SIA well placed to cash in on recovery

money-glitz | Karen Ng 11 Oct 2021

Singapore Airlines is ramping up its Hong Kong services to 17 outbound passenger flights per week from next month.

The airline will increase daily services from Hong Kong to Singapore to 14 flights a week and resume three non-stop flights between Hong Kong and San Francisco every week. The additional daily flight will be in the evening.

The airline is in a very strong position to battle any post-pandemic headwinds, says Wilson Yong, SIA's new general manager for Hong Kong.

While its peers only operate flights in the single digits each week between Singapore and Hong Kong, SIA hopes to cater to the needs of passengers traveling to see their families, as well as those in transit and heading to Europe.

"We do not see Hong Kong's position as a major commercial and logistic hub being affected and we remain confident in the market," says Yong.

Nearly 70 years after its first flight to Hong Kong, SIA has been maintaining frequencies similar to pre-Covid levels between the two cities. It currently operates a daily passenger flight and four to five cargo flights, using passenger aircraft, to Singapore.

What's more, it has not laid off any staff in Hong Kong, despite axing about 2,400 jobs in Singapore and other overseas stations.

A recent Bloomberg survey showed that 84 percent of 45 large companies interviewed in the United States, Europe, and Asia plan to cut their budgets for business travel after Covid-19.

With the ease and efficiency of virtual conferencing, reductions between 20 percent and 40 percent in travel budgets are expected by a majority of the surveyed companies.

Spending on corporate trips could slide to as low as US$1.24 trillion (HK$9.67 trillion) by 2024 from a pre-pandemic peak in 2019 of US$1.43 trillion, according to the Global Business Travel Association.

But SIA is optimistic about post-pandemic business travel.

"From our interaction with many of our corporate customers, and from various studies, we have seen quite a fair number are Zoom-fatigued," says Yong, adding that most corporates consider employee safety of paramount importance.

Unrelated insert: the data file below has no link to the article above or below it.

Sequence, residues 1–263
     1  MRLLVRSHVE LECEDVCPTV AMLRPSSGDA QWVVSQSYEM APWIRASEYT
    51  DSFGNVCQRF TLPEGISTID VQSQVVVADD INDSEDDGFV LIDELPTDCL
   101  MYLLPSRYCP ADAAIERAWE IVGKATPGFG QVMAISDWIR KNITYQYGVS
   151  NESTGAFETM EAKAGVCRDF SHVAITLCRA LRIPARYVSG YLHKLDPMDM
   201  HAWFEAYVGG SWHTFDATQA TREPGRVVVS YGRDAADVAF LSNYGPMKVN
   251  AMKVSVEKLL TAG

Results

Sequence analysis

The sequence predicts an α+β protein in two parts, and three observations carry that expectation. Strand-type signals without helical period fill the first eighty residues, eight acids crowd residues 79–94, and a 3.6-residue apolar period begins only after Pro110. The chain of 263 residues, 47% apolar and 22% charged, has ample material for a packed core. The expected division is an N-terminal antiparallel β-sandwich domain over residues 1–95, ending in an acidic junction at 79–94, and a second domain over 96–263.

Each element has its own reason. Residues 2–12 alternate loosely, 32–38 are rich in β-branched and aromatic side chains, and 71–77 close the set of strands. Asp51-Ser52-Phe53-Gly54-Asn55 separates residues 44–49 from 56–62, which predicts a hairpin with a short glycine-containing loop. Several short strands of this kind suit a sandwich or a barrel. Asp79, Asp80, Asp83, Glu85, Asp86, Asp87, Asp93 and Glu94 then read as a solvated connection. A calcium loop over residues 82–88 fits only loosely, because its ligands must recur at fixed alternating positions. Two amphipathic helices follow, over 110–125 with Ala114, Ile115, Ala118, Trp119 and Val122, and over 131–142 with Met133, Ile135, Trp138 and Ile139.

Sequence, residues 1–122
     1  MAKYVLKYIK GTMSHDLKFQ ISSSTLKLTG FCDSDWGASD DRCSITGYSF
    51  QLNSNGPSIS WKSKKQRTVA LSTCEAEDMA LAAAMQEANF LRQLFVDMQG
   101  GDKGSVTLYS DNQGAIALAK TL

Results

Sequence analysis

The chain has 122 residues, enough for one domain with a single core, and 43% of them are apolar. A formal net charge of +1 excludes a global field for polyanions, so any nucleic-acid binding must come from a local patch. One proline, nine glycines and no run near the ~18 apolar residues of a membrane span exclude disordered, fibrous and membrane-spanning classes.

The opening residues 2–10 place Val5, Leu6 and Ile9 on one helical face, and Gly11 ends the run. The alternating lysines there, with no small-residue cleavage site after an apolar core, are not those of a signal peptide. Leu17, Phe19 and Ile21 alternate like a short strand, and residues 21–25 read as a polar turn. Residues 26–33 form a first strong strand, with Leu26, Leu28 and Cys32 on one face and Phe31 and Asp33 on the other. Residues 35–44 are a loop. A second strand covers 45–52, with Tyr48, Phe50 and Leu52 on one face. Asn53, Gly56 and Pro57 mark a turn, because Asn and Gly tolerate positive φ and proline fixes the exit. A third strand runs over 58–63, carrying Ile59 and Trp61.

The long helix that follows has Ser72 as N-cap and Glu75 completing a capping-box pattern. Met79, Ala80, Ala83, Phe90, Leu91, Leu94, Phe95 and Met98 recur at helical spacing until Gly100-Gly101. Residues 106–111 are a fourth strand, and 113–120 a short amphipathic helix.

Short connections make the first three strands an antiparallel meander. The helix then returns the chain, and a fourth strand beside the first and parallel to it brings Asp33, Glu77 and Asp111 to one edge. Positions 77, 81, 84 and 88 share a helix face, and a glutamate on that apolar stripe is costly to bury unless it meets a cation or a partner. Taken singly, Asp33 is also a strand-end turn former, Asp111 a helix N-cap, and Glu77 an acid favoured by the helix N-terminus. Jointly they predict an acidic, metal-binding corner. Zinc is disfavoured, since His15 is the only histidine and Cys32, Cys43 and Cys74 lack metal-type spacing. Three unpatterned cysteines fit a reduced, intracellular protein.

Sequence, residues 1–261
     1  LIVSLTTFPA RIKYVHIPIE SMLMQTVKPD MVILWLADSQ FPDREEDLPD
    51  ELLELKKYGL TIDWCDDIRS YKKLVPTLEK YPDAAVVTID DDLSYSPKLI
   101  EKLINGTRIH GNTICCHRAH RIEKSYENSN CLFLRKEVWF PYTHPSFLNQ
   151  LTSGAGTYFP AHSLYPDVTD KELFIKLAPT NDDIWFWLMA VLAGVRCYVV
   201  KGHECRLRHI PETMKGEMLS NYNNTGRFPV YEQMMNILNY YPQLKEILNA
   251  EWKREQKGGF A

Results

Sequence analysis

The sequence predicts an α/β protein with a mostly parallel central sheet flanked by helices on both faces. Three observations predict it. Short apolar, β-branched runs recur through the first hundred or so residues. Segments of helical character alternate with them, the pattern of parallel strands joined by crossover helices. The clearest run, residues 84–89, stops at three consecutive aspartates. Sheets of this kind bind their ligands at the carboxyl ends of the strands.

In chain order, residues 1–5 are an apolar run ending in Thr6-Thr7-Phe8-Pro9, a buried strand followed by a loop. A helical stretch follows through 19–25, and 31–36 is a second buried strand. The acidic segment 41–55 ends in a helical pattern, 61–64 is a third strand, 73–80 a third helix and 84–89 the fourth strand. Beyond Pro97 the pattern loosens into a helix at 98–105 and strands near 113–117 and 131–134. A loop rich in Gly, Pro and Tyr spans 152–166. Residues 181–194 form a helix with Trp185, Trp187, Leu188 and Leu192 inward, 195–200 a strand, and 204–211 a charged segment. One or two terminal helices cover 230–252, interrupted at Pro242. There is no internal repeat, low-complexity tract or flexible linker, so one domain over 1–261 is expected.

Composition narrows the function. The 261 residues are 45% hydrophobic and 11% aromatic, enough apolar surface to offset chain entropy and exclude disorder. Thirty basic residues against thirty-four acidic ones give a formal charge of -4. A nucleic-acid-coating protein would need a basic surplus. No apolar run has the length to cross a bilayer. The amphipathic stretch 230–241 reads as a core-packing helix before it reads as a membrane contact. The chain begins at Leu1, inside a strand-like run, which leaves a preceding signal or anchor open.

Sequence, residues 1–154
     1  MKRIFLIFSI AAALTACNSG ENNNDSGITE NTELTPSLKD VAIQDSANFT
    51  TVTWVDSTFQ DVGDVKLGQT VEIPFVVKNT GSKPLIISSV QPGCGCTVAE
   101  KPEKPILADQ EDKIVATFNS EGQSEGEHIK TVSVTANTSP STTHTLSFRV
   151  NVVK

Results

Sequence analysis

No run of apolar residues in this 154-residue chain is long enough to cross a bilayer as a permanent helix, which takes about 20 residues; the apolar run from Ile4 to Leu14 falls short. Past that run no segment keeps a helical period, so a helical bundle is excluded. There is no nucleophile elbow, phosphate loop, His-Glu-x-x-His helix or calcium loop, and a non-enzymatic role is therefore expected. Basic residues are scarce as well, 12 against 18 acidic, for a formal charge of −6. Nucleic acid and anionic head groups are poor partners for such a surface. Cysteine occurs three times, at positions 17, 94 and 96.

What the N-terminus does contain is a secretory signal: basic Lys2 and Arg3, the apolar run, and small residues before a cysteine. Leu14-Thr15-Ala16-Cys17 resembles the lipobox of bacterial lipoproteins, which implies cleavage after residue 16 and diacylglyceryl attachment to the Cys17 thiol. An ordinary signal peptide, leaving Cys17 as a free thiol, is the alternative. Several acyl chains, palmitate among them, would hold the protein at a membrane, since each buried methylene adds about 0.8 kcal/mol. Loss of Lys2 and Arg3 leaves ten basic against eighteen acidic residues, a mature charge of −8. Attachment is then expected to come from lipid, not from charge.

SIA is widely regarded as a digital leader in the aviation industry, and to ensure people can travel in confidence, the airline got a head start by investing heavily after the pandemic broke to provide a contactless journey from check-in to arrival, he says.

The digital innovations extend to inflight entertainment as well: its SingaporeAir mobile app allows guests to select from a multimedia playlist in advance - which will be synced with the plane's inflight entertainment system - and use the app as the remote control.

Passengers can also enjoy over 150 publications offline via the app.

Digital tools will be a key and important enabler to ensure the simplest travel experience when international borders eventually open, says Yong.

In March, the company became the first airline to trial a digital health verification process based on the International Air Transport Association Travel Pass framework.

During the two-week trial, passengers on its flights from Singapore to London could use the Iata Travel Pass to create a secure digital version of their passport on their mobile device, input their flight details to learn of travel restrictions and requirements, and receive verified test results and a confirmation that they meet all travel requirements.

With US$16 billion raised by Singapore-owned Temasek Holdings - its biggest shareholder - since the start of the pandemic, SIA is prepared to seize the opportunity when market sees an upturn.

"We have raised sufficient capital that will put us in a very strong position to take advantage of the recovery," concludes Yong.



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